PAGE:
I'm in virgin territory, blazing my own trails. After years of being influenced by others and developing my own voice out of all of it, I now at fifty-six find myself influencing others. And that's scarey. Here I am, not completely established myself and others are utilizing my stuff before everyone knows where it comes from!
Did You Ever Play with Bud Powell?
by Al Levitt
Not very long long ago, someone asked me that question. I thought for a moment and answered, "Yeah, only once. I think it was in Fontainebleau."
In 1957, we had a group that played every Saturday and Sunday afternoon at the Club St. Germain. In it were Barney Willen, tenor saxophone, Luis Fuentes, trombone, Sacha Distel, guitar, Rene Utreger, piano, Paul Revere, bass, and myself on drums. At the time, Bud Powell was appearing there nightly with Kenny Clarke and Pierre Michelot for a two-week engagement, to be followed by J.J. Johnson.
One day Barney and our rhythm section were approached by Marcel Romano, who in those days was a kind of Parisian version of Norman Granz, and we agreed to play a concert in Fontainebleau in which we were to accompany J.J. and Bud.
When the day arrived, we all met in front of the club on rue St. Benoit. We were to make the short trip together with the instruments in a large American station wagon. I think it was a Chrysler. It was a very big car, with enough room for everything and everyone. We greeted each other, J.J. was very friendly and outgoing, but Bud just glared and didn't say a word.
It was about a sixty-kilometer drive from Paris to Fontainebleau and lasted about an hour. The trip was pleasant. We enjoyed some nice conversation and a few jokes, but Bud just glared out his window and didn't say a word.
When we arrived, we unloaded the instruments, checked out the hall, set up, tried the sound system, and retired to the dressing room to decide on a program. Barney, Rene, Paul and I had been playing together fairly regularly, so we just selected a few tunes from our usual repertoire. J.J. made a list of his tunes and keys, but Bud just glared and didn't say a word.
We opened the concert as a trio — Rene, Paul and myself. After two tunes, Barney joined us to make it a quartet for two more tunes. The announcer brought on J.J. and he played three tunes with the rhythm section. The audience was very receptive, and the music felt good. The acoustics were fine, and we could hear ourselves and each other. We received a warm response and then took an intermission. J.J. thanked us and complimented the rhythm section. It was a real pleasure to play with him. He's a master of his instrument and his time and feeling were beautiful. Refreshments were provided for us backstage and we all had something, except for Bud, who was sitting in a chair, still glaring and still not saying a word.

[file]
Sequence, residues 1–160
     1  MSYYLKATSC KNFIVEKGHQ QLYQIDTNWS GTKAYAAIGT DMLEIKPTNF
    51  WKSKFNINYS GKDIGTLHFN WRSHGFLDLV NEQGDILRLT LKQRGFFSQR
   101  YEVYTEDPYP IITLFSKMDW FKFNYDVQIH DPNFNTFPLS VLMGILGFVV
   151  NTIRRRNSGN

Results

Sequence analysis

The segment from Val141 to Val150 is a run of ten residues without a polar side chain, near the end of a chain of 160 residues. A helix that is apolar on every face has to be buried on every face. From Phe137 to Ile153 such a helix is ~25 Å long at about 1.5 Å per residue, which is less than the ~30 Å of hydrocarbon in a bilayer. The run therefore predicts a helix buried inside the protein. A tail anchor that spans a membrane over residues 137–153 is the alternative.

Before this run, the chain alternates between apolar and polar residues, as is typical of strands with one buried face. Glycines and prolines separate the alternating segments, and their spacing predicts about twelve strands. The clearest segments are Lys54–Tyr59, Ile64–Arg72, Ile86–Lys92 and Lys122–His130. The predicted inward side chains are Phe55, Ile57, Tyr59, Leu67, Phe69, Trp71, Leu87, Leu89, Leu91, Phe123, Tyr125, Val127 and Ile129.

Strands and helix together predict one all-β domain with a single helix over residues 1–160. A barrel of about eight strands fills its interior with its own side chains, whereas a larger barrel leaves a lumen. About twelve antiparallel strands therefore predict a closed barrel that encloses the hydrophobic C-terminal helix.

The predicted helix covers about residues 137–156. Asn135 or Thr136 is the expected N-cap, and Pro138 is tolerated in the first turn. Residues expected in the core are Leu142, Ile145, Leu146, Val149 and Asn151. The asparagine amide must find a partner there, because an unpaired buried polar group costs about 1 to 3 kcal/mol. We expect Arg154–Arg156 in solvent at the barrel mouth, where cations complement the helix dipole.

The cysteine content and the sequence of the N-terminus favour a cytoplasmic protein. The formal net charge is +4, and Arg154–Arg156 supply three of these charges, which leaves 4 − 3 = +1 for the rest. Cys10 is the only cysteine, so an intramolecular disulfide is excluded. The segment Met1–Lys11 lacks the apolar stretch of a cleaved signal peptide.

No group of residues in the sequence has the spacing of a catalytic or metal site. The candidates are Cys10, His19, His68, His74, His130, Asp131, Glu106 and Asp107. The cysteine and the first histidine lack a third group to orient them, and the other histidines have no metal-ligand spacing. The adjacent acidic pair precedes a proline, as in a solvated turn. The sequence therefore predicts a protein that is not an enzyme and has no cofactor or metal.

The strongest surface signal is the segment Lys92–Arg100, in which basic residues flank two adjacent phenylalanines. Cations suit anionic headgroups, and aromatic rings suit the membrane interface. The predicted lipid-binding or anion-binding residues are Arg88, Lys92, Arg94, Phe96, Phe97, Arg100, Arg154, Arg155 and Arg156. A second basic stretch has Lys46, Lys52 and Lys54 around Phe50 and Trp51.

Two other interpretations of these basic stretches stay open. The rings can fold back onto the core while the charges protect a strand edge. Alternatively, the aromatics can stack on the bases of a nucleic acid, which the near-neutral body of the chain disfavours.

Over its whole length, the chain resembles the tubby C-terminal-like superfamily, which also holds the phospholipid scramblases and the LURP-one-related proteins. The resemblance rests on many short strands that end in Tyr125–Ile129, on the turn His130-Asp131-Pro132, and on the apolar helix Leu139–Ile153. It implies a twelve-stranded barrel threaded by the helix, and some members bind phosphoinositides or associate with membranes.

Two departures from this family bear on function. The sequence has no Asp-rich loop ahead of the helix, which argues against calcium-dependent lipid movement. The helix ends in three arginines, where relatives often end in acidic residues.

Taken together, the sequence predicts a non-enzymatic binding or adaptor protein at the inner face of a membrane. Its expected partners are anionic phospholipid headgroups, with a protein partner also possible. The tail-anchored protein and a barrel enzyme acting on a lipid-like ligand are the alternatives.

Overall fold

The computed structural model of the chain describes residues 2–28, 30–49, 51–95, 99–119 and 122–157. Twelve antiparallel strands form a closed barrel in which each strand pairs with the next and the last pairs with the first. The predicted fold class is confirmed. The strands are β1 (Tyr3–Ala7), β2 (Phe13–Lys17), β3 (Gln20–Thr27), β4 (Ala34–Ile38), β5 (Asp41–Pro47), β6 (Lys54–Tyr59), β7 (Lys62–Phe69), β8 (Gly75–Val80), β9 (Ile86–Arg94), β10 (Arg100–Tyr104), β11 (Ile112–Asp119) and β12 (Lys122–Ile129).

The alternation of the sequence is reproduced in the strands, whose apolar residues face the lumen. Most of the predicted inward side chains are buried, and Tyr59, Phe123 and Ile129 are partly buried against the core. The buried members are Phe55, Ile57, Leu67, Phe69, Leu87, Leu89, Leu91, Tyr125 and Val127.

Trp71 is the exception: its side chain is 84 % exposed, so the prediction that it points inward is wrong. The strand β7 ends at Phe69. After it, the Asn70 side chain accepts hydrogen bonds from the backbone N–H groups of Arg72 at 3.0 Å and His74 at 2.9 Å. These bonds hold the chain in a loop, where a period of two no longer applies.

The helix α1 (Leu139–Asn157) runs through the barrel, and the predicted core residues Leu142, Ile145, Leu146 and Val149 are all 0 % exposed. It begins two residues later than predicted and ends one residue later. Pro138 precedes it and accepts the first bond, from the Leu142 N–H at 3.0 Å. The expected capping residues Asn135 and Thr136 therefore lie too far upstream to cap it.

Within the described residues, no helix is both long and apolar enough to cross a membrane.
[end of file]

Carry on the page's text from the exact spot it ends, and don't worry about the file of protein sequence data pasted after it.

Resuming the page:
It was getting close to time for the second half, in which Paul and I were to start as a trio with Bud. Paul approached me and asked if I had any idea what we were going to play. I answered, "No," and looked toward Bud. He was still sitting in his chair, glaring and not saying a word. Paul and I looked at one another, aware that we were both very tense and anxious about what would happen next.
The intermission was over. The announcer was introducing Bud Powell. The audience applauded enthusiastically. Upon hearing his name, Bud rose from the chair and started briskly toward the stage, passing within inches of Paul and myself. He was still glaring, and he still hadn't said a word.
We felt even more tense than before and hesitated, actually frozen in our tracks. Bud had nearly reached the stage when he realized there was no one coming behind him. He approached us, wearing the most terrified and insecure expression on his face, and said, "Aren't you guys going to play with me?" Paul and I were shocked. Bud was even more frightened than we were. The realization broke the ice, and we said, "Sure, Bud, let's go. "We followed him on stage, still with no idea of what we were going to play.
Bud called a tune and a key, both of which were standard, so there was no problem. We played four or five tunes as a trio. Then J.J. and Barney joined us to make it a quintet for the finale.
Bud's trio set was on fire, and then he provided some of the most stimulating comping you could hope to hear behind the horns. The concert was a great success and everything worked out fine.
We packed up our instruments and left. Outside, as we were loading the station wagon, I noticed a young guy who had gone up to Bud and was trying to explain in limited English how much he had enjoyed seeing and hearing Bud Powell in person. He asked Bud if he could have the honor of shaking his hand. Bud just stood there, with both hands in his pockets, glaring and not saying a word.
The return trip to Paris was nice. Everyone was pleased with the results we had achieved, but Bud was just glaring out of his window at the darkness and not saying a word.